Summer Isles: The Beautiful North Words and photographs by Lawson Wood.
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As you travel through the wild beauty of the western highlands of Scotland, the anticipation mounts. When you approach Ullapool, you catch a glimpse of the sea and then you inhale that crisp ozone smell which promises all the wonder of the oceans. The further north you get, the more obvious it becomes that this is a trip well off the beaten track – in fact as you approach Achiltibuie there is barely a track discernible. And the last few miles of twists and turns are through some of the most spectacular scenery imaginable.

The Summer Isles are among the best- kept secrets in UK diving known to only a few, there is only one liveaboard operator, but hundeds of terrific dives. Achiltibuie is your starting point for all diving in the isles though there can be pick-up from Ullapool by arrangement. Atlantic Diving Services at Achiltibuie (a-kil-tee-boo-ee) is owned and run by Andy Holbrow and partner Clare Greathead and operates from Badentarbat Pier on a headland which juts out into the Atlantic.
The diving around the isles is some of the best in Scotland. No matter what the weather, you will always find a lee shore. And Andy, along with his former boat’s mate Craig Barnes (who has just set up his own day-boat operation), have discovered a wealth of dive sites including more than 15 wrecks and a number of uncharted reefs and shoals.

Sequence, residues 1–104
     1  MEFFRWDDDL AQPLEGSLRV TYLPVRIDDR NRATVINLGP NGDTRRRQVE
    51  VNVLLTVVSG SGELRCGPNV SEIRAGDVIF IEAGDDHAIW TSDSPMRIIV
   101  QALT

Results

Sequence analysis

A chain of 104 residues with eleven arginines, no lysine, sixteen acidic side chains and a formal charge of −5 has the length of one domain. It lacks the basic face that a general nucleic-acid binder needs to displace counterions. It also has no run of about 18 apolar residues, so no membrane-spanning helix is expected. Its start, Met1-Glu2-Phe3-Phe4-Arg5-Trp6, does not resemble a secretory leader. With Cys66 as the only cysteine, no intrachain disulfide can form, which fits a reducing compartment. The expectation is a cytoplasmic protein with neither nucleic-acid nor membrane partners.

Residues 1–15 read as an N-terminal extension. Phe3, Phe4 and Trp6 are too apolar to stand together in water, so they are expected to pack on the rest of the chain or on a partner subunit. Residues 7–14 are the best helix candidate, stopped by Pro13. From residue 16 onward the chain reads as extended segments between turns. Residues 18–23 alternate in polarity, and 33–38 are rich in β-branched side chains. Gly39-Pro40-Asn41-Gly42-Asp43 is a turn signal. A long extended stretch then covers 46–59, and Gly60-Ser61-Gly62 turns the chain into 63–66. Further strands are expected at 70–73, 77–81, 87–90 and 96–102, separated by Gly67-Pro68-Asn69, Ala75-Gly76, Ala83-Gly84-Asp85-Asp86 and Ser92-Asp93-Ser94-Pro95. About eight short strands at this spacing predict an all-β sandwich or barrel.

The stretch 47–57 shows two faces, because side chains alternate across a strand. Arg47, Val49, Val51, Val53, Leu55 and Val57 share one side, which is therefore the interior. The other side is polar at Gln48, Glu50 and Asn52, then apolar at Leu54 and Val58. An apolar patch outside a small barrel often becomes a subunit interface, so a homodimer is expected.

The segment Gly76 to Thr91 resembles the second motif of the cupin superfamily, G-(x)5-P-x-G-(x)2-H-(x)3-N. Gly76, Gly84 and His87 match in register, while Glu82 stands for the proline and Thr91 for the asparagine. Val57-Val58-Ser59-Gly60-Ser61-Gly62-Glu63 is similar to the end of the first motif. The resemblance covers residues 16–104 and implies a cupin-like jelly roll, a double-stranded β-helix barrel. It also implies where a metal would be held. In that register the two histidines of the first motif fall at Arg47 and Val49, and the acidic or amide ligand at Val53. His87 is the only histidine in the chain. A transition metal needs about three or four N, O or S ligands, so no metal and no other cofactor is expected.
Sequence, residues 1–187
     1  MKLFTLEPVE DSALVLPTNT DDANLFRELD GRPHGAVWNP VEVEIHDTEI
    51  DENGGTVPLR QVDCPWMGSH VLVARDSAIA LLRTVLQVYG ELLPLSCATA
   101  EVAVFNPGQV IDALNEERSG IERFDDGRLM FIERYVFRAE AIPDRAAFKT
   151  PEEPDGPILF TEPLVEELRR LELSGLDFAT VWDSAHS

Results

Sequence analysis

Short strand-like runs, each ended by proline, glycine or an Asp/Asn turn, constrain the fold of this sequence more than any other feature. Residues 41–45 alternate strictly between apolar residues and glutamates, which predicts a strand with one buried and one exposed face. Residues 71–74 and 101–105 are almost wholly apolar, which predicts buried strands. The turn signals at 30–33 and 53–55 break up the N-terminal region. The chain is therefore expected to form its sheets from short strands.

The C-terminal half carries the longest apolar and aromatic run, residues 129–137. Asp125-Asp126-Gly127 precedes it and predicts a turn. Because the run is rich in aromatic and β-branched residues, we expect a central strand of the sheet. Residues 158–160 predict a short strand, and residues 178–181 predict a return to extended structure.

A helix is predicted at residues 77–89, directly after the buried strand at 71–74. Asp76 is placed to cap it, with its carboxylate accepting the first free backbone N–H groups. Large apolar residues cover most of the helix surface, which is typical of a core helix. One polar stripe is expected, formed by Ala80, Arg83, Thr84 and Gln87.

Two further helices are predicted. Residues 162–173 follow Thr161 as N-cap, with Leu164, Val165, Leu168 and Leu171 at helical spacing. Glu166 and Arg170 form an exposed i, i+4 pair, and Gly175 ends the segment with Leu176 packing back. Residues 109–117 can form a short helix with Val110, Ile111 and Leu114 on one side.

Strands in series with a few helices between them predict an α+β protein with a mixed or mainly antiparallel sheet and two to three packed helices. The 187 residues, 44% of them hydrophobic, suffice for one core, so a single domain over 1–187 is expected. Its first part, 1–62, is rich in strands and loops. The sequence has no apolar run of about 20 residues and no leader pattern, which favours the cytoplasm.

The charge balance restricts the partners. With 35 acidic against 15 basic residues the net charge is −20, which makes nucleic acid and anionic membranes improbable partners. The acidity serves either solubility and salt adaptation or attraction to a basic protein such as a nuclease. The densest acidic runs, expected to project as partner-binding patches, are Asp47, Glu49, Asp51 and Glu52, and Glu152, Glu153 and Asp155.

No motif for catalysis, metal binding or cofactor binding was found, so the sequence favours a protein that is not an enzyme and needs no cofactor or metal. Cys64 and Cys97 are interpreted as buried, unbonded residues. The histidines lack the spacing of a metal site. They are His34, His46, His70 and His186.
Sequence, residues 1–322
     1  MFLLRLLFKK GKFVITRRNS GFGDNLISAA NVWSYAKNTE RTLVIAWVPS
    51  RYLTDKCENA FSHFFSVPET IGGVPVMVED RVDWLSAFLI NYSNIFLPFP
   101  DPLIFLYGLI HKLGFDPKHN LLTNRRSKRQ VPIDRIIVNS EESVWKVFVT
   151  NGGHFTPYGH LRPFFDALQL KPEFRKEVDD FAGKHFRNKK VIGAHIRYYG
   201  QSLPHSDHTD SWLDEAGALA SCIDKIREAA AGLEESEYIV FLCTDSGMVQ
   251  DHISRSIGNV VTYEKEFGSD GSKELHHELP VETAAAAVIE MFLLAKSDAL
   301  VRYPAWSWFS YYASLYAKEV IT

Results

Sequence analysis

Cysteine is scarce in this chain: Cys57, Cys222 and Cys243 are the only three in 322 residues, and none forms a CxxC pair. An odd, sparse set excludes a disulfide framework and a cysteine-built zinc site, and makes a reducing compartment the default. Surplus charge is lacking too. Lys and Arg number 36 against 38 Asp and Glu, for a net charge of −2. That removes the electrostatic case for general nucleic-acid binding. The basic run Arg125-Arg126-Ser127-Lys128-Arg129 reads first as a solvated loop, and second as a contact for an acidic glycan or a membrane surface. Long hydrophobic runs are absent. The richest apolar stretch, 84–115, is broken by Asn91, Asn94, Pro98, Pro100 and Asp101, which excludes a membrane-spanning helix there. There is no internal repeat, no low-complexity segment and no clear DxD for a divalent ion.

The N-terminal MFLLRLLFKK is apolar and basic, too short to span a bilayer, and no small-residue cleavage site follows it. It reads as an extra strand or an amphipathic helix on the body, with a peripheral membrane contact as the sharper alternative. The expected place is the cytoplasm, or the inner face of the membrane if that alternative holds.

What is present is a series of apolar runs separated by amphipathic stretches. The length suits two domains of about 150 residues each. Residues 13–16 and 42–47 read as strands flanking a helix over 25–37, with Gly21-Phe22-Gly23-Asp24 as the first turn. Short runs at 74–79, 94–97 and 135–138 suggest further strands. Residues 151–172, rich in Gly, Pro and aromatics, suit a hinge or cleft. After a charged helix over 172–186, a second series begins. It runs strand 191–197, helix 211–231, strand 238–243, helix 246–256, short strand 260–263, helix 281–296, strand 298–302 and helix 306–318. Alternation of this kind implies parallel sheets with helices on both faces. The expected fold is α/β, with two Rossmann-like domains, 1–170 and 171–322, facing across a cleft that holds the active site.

More than 100 dive sites are recorded in the area and dives range from huge caverns, to spectacular caves simply teeming with fish, wrecks covered with soft corals and anemones, and some of the most terrific vertical walls.

The Summer Isles are made up of some 30 islands and as many rocky outcrops, with the largest being Tanera Mhor, 3km west of the mainland. At the turn of the century it had a population of more than 70 people. Since 1946 it has been largely uninhabited, more recently nothing more than holiday cottages. But in the last few years a new landowner once more has started farming the fertile land.

The celebrated naturalist Dr Fraser Darling, author of the Natural History of the Highlands and Islands, lived on this island and wrote extensively about the Summer Isles. The other larger islands are Horse Island, Priest Island, Isle Ristol, Isle Martin, Tanera Beag, Eilean Dubh, Eilean Mullagarch, Glas-leac Mor and Glas-leac Beag.

London-bred Andy, 31, a well-qualified instructor (and commercial diver) and Clare, 30, who has a marine biology degree, have made the Summer Isles their home and their business since 1991. They met when she was studying in Plymouth and he was working as an instructor at nearby Fort Bovisand, with the idea of setting up on his own.
‘We looked at a few places on the west of Scotland’, says Holbrow, ‘but one had too many dive boats, another was too exposed... And then we got to Ullapool and stayed. As soon as you come here you understand why ... it is very scenic’. They converted a former crab and lobster, steel fishing boat, the MV Heron, and fully equipped her for diving. She has just been sold to Craig and his partner Fiona Ward, who are starting up a day-diving operation, while Atlantic Diver is the name of Andy’s new boat, which goes into action this month as both a liveaboard and a day boat charter. She is a 65ft wooden passenger vessel, built in 1957 and converted to take 12 passengers. There is an on-board compressor and airbank to 300 bar, two heads and two showers. There is a full medical kit with oxygen, radar, echo-sounder and ship-to-shore radio. The boat also has a canopy for those rougher days. Atlantic Diving Services can provide spare air bottles and weights, but it’s best to take all your kit with you.
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